Sunday, October 18, 2009

The Element of Fear

One of the unsurprising themes coming across in The Global Achievement Gap is the need to move beyond content and focus instruction on developing the learning skills necessary for success in life. Of course, the Ed Tech crowd, for one, has been saying this for some time now.

Seth Godin has an interesting post on fear and its impact on being able to sell a product.
Whatever you sell, there are two big reasons people aren't buying it:
1. They don't know about it.
2. They're afraid of it.

Overall, #1 seems to be improving nicely. The larger education community has heard about "the stuff." They're hearing more and more about how "the stuff" can support teaching and learning. However, it feels like we are still quite some distance from any kind of tipping point where true and meaningful tech integration is commonplace.

#2 is the stumbling block.
[People are] afraid of anything with too many choices, too many opportunities to look foolish or to waste time or money.

There are so many choices, so many tools; it's hard to know what to use when. So, how do we reduce this barrier of too many choices? What kinds of guidance will best support teachers by appropriately narrowing the choices to mitigate the chances of wasting time or money?

Sunday, October 11, 2009

The Global Achievement Gap--Introduction

As part of an effort to develop professional learning communities in the district, central administrators and principals are reading The Global Achievement Gap by Tony Wagner. I haven't read any of Wagner's earlier writings, but looking at the titles of his earlier works, it's clear he has been discussing school change for some time. However, unlike some of the alarmist rhetoric we've seen in the past, in his introduction Wagner is adopting a measured tone that reflects a core reality of schools.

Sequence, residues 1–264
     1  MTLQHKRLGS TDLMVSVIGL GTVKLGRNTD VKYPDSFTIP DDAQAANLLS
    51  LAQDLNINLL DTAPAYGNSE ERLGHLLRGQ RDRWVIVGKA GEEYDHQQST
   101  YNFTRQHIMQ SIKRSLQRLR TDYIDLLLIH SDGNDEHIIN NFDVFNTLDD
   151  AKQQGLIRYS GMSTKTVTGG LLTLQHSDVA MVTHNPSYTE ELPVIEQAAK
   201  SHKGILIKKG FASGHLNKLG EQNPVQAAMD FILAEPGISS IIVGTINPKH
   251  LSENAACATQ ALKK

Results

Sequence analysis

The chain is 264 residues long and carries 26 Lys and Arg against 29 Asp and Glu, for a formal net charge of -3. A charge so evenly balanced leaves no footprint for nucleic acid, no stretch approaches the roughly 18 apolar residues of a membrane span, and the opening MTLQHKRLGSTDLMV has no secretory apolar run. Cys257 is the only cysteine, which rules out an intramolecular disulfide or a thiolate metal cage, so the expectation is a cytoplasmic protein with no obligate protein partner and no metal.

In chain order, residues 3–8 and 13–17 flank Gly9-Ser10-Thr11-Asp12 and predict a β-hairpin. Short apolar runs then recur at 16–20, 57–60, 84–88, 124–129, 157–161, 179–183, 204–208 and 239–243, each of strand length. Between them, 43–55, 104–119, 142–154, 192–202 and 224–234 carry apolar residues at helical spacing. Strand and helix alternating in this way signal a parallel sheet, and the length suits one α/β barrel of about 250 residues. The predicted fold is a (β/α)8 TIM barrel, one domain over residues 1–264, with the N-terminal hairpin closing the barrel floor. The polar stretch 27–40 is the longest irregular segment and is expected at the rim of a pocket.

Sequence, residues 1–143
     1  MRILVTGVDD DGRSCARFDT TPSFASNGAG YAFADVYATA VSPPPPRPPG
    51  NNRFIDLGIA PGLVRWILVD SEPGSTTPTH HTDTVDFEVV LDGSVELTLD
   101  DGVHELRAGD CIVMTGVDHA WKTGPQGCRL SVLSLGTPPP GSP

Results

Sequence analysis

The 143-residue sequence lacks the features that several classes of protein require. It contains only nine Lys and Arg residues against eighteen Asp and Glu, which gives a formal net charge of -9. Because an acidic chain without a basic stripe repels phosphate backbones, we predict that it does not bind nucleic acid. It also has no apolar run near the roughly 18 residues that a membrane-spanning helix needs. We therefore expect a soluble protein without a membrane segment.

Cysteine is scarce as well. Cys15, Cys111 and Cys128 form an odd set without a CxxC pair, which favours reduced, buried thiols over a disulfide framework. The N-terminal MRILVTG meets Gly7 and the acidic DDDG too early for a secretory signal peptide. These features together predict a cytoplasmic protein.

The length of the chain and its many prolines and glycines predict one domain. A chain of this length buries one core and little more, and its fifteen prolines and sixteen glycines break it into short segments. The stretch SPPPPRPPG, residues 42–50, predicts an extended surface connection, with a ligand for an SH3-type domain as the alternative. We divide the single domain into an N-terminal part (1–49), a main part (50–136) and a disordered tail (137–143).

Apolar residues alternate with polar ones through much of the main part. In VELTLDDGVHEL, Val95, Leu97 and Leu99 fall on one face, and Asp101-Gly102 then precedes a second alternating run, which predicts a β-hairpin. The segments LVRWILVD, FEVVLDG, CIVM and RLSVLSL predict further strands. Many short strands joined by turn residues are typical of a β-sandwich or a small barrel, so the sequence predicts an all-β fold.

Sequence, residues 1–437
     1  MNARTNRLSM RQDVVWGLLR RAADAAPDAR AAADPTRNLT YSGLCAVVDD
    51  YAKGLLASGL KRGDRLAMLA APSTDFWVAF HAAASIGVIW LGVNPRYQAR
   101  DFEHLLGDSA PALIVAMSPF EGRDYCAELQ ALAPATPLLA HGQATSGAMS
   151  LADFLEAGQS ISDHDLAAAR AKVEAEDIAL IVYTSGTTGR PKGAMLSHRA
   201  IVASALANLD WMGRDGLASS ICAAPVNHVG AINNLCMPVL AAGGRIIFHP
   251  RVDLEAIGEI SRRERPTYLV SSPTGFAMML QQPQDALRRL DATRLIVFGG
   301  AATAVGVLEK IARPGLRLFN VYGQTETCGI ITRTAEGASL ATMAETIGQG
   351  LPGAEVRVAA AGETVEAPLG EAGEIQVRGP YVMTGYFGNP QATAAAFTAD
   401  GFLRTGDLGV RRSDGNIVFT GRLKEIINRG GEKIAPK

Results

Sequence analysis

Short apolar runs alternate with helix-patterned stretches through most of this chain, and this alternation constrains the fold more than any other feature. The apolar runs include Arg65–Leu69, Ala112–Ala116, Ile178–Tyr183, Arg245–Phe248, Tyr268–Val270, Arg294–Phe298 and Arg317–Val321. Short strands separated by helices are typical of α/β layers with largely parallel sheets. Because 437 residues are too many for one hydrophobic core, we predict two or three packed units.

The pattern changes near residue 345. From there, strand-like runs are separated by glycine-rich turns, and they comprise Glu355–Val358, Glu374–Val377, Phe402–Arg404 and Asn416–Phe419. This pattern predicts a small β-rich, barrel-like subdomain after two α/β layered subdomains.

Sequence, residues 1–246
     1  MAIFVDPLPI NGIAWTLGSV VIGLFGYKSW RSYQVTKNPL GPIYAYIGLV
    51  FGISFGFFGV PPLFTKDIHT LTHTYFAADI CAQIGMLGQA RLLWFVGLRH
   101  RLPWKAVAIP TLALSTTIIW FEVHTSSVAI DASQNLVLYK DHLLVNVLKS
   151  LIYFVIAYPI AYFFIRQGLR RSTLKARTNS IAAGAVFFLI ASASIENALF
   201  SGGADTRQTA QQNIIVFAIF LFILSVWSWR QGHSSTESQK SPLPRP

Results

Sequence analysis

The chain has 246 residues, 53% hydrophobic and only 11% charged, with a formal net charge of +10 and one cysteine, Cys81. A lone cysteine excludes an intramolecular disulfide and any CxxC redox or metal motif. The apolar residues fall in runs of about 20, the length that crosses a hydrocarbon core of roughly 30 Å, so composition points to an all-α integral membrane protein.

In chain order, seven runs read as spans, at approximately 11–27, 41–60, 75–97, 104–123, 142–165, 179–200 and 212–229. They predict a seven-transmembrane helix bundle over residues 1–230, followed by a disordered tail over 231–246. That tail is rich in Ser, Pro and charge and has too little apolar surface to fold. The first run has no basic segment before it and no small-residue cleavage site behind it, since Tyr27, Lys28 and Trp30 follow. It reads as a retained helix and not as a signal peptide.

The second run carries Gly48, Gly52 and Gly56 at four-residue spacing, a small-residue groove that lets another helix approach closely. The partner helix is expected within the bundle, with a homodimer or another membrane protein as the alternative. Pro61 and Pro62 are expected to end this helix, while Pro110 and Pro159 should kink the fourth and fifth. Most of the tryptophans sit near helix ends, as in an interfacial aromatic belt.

The failure to give all students these new skills leaves today's youth--and our country--at an alarming competitive disadvantage. Schools haven't changed; the world has. And so our schools are not failing. Rather, they are obsolete--even the ones that score the best on standardized tests. This is a very different problem requiring an altogether different solution (p. xxi).

What I am left wondering, naturally, is just what the solution(s) are according to Wagner? I'm at a loss to think of an obsolete industry that recovered, climbing out of obsolescence and back into some kind of meaningful relevance in the world. Is there "an altogether different solution" that doesn't mean bulldozing public education and starting over from scratch but that can still be implemented in an effective enough and timely enough manner to resurrect our schools? Wagner appears hopeful. He closes the introduction on this note.

In this book, we embark on a journey together, not only to understand this global achievement gap but also to discover new ways of thinking about education and best practices in schools that are preparing all students for learning, work, and citizenship in the twenty-first century (p. xxvii).

I've started in on the first chapter wherein Wagner explains his take on the skills students need to develop during their K-12 education in order to be successful in the world beyond the classroom. We shall see.

Redo, Redesign, Reset?

I've been feeling the itch to get back to blogging, but I don't feel like this space is quite the right one for me now. I started the blog as a classroom teacher exploring how to use blogs, specifically, and web 2.0, in general, in the classroom.

The transition out of the classroom was a hard one, and I lost my urge to blog as I worked out just what life as a Teacher on Special Assignment was supposed to look like. But now I've transitioned again--this time to Instructional Technology Coordinator--and while I'm busy working out just what this means, I've got that itch.

But, again, I don't feel like this space is quite right. So, what to do? Rename the blog? Change the URL? Start from scratch somewhere else? Blogger again? Edublogs? Some other platform? For now, I'll just try to get some momentum rolling here.

Saturday, October 03, 2009

diigo bookmarks (weekly)

Posted from Diigo. The rest of my favorite links are here.